The agreement by G20 finance leaders over the weekend to move towards market-based exchange rates and commit to reducing external imbalances was a "surprise," analysts told CNBC on Monday, considering the markets were not expecting much from the meetings.
"The fact that we've now reached some sort of informal deal does sound very promising to me ahead of the summit coming up next month." said Jinny Yan, an economist at Standard Chartered.
"It looks like both sides have got a lot from it," Yan added, referring to the developed and developing nations. " We are now seeing voting powers...shifted towards the emerging markets, and of course this is reflecting the economic power shift towards the east."
As for whether markets would start to see more currency appreciation, especially with China and the emerging markets, Yan said she expects the "undervalued" yuan "will continue to appreciate, albeit very gradually."
James White, analyst at Colonial First State Global Asset Management noted that it was an "easy truce."
But he cautioned that there were still issues that needed to be ironed out. Imbalances, he pointed out, are "fundamental" and "not driven by currency movements."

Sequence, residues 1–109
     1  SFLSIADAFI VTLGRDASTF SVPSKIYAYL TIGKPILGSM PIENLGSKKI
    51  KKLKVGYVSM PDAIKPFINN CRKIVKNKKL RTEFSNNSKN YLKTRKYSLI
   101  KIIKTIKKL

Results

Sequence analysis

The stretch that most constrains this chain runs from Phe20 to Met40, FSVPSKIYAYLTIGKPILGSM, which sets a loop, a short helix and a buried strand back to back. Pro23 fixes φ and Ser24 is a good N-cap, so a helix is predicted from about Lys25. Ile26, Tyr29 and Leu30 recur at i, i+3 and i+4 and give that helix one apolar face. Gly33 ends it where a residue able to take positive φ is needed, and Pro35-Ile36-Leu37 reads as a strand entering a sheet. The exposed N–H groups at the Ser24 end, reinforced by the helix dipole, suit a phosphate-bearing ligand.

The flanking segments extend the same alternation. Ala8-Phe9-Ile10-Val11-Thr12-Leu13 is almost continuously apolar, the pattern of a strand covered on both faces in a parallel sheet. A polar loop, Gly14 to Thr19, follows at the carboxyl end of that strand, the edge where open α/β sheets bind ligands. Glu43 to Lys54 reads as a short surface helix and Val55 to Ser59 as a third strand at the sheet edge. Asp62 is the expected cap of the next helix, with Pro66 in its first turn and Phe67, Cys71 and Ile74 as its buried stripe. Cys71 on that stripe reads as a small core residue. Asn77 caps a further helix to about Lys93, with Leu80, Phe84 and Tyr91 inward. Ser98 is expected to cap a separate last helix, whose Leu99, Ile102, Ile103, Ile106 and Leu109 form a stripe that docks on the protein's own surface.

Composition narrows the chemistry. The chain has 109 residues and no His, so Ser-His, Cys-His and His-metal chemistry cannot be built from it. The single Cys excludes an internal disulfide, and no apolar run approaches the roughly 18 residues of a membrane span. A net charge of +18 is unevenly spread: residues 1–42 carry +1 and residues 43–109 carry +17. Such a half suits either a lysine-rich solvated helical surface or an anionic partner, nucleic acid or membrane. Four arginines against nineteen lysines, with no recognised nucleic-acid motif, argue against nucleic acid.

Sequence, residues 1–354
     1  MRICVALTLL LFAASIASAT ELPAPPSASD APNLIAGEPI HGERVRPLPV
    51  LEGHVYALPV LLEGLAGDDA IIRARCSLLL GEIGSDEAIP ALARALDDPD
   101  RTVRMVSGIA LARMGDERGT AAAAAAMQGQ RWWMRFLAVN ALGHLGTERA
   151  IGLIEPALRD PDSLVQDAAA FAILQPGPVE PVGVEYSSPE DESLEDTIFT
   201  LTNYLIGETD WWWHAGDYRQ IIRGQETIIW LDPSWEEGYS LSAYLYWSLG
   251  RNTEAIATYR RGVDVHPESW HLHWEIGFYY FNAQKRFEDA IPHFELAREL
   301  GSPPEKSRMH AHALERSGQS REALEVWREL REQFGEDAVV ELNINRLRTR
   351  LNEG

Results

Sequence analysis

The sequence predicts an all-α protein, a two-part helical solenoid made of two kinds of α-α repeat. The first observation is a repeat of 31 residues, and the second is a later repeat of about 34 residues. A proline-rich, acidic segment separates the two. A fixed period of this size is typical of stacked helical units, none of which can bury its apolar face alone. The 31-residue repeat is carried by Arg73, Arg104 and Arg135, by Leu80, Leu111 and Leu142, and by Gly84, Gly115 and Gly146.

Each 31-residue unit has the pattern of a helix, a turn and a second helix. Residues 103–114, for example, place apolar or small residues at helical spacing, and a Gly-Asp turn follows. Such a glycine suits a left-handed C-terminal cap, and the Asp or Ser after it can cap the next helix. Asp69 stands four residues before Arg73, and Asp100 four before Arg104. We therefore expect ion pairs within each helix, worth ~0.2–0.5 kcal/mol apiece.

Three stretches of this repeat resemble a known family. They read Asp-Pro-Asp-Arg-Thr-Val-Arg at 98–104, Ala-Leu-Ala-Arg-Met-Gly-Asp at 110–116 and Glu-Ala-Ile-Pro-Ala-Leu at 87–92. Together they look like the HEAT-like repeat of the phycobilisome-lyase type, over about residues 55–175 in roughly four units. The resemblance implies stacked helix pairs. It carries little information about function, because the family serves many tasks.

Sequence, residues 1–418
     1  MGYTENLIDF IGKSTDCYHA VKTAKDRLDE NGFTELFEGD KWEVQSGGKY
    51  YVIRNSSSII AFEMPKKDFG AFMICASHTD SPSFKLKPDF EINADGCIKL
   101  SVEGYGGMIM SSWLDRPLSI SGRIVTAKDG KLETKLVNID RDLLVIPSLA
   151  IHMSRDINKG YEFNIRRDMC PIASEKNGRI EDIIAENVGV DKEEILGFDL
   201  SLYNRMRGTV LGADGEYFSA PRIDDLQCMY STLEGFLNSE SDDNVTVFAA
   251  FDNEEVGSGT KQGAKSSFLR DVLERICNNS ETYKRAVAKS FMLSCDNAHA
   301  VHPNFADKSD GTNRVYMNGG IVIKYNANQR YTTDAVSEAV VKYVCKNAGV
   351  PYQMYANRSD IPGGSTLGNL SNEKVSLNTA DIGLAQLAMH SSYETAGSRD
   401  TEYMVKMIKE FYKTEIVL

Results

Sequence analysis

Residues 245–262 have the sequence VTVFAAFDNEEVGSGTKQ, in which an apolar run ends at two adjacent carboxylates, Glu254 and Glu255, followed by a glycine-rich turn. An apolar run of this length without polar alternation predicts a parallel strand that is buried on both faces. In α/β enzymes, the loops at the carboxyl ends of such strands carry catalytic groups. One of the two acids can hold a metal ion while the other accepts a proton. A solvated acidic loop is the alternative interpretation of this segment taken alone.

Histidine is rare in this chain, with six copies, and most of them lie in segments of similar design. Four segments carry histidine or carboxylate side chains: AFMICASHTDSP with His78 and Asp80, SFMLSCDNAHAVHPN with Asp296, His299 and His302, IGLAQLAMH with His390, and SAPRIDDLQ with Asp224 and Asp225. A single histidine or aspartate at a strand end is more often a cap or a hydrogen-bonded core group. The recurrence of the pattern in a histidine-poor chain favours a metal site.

White says the key for policymakers over the medium term, is "really understand some of the key fundamental drivers of the imbalances."
Others said the risk of a currency war had "been pushed back as a result of the G20."
John Noonan, senior forex analyst at Thomson Reuters said the co-operation at the G20 meeting was likely to tame the Fed's attempts at QE and keep the US dollar supported.
A top adviser for the St. Louis Federal Reserve said on Friday the possibility of easing at the FOMC's November meeting was "pretty high."
However, Noonan is not expecting a drastic move by the Fed.
"You might not see this shock and awe QE resumption by the Fed. You might see a much more measured approach because it would certainly dampen the spirit of co-operation from G20 if the Fed were to suddenly ramp up their QE at a nuclear pace and be seen to debasing the US dollar."
Noonan expects a broad US dollar recovery ahead of the FOMC's next meeting in early November.